Occasionally, I like to don my tux pajamas, grab a pint of porter, flip on my first generation iPad and read Forbes. It’s a Sunday, before-bed-time tradition (somewhere between mahjong and masturbation). The other day, Forbes contributor Larry Olmsted had an interesting think piece. Like most Americans, Olmsted enjoys lighter beer styles. He has no qualms with craft. Well, he might find it a bit pretentious (BTW bro, you write for Forbes), but he likes the passion. He also makes a very keen observation. Most craft isn’t really competing with Big Beer.
Nonetheless, given the fact that the market had evolved this way based on demand, and beers like Budweiser, Miller and Coors remain far and away the most popular in the world, it seems surprising that the craft beer industry has not taken much of a shot at head-to-head competition. Instead of trying to build a better mousetrap, they have mostly built traps for different prey.
Olmsted is right, and he’s wrong. Flavor-wise, most craft brands definitely want clear differentiators from adjunct-heavy, American lagers, but there has been a movement over the last few years to sell lighter-ABV, session-style beers that compete with the likes of Budweiser and Coors brands. A lot of these are flavorful, low-strength IPAs (like an All Day IPA or Boat Beer), and they are also ales. Budweiser is an American-style pale lager (a different style of beer), but they’re competing with similar flavor profiles and ABV strength — lighter, but more flavorful.
While ales by far rule the craft movement, traditional American/German-style lagers have a long tradition in craft, too. It might be harder to see now, but some great craft brands, like Great Lakes Brewing Co. here in our hometown of Cleveland, built its brand on lighter lagers — Dortmunder Gold and Eliott Ness Amber.
So yes, the craft beer industry does have many products competing with traditional American lagers, but Olmsted is also right — most of the craft market isn’t really delivering an experience that most Americans are used to. Most people in America still like modest, straightforward, cheap, easy-drinking “light” beer. In fact, it’s a part of our culture and DNA. Our prissy, religious American ancestors taught us to love lighter-flavored, low-ABV lagers (read it here), so it’s hard to change centuries of tradition.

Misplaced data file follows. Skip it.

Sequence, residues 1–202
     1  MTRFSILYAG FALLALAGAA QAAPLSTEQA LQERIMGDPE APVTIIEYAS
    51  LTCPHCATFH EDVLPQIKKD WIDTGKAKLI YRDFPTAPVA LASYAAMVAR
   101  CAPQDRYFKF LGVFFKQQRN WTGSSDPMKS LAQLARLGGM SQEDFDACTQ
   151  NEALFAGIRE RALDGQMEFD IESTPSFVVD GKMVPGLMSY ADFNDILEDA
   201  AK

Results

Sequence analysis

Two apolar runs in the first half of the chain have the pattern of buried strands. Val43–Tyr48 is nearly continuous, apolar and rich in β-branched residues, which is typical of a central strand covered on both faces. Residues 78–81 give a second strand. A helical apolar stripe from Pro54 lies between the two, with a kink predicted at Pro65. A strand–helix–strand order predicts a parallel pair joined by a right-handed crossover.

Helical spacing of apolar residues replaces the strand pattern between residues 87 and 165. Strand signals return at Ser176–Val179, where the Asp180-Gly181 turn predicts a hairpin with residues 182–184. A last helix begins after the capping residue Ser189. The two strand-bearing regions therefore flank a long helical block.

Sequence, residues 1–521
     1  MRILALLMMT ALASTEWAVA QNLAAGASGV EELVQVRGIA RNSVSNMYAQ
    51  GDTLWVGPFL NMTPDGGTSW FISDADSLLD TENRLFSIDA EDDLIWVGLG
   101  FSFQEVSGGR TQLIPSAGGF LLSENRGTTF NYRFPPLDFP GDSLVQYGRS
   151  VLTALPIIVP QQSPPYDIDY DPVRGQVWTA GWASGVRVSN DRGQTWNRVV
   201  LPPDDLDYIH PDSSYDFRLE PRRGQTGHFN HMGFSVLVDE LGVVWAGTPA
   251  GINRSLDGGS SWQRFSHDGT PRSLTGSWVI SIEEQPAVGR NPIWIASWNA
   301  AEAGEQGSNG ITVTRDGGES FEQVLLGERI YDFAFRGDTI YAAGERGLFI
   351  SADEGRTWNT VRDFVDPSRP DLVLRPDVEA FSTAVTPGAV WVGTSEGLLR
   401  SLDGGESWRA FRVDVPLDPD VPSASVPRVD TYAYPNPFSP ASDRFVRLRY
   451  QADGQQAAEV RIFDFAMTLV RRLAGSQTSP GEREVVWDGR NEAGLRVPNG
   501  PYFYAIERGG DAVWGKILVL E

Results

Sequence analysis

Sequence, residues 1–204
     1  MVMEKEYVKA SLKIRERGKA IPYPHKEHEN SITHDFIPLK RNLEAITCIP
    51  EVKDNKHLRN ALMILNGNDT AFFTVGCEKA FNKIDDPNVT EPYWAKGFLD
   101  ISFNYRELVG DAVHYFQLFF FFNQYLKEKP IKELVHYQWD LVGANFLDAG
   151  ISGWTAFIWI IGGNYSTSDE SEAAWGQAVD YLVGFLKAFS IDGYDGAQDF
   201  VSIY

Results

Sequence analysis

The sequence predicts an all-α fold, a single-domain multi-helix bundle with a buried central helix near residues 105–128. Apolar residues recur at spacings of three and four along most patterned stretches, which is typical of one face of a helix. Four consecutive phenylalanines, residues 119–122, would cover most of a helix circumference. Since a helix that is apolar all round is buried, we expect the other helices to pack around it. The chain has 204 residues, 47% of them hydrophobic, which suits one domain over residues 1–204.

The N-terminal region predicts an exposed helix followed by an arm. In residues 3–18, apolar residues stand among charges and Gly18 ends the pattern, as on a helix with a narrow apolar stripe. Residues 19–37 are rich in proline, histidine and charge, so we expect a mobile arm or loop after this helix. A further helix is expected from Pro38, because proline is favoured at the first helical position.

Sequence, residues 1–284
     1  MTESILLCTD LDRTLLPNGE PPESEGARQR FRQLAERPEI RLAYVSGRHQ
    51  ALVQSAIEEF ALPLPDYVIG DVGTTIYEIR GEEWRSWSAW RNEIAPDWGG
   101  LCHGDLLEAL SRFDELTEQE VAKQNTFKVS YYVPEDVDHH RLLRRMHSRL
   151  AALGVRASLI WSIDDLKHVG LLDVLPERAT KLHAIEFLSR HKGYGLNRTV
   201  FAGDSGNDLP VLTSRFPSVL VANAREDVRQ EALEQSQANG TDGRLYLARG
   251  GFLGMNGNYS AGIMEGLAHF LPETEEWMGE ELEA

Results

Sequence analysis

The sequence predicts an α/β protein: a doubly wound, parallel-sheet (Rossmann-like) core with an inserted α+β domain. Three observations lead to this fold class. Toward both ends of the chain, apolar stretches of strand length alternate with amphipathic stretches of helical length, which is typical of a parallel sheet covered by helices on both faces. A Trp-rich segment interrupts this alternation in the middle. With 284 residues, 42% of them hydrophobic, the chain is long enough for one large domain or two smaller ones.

Over the last 30 years, the craft beer movement has slowly started to add variety to those brewing traditions, but in order to do that, it often had to the go in the opposite direction. It went hoppy, heavy and high ABV. It doubled the ingredients, the cost and the pompousness. I know I’m generalizing here, but you can only explore the outer limits for so long. There’s only so many vagina beers I’m willing to drink. At the end of the night, I really want both a bold, high flavor beer that says “fuck you” to tradition and a crushable, lighter beer that still screams “blue collar USA!” And, I want them both made by my local brewery.
Last year, craft beer hit 12 percent market share. That’s absolutely amazing, but to grow, it’s going to have to go head to head with the traditional, cheap, unpretentious American lager. In Olmsted’s article he cites House Beer. It’s a Santa Monica, Calif.-based craft brewery that only brews one beer — House Beer — a 4.8 percent, premium lager. It’s an excellent brand concept. From the website:
We brew only one thing. House Beer. We call it that because there’s nothing pretentious or complicated about it. There’s no light version. No seasonal brew. Just an original premium lager expertly brewed from the finest ingredients and crafted to simply be the perfect beer, and nothing less.
Pretty clever, right? Some questions for you, the brewer: Is an American-style lager the right fit for your portfolio? What if you could completely change the model for that type of beer and make a lot of money doing it? Definitely some things to think about.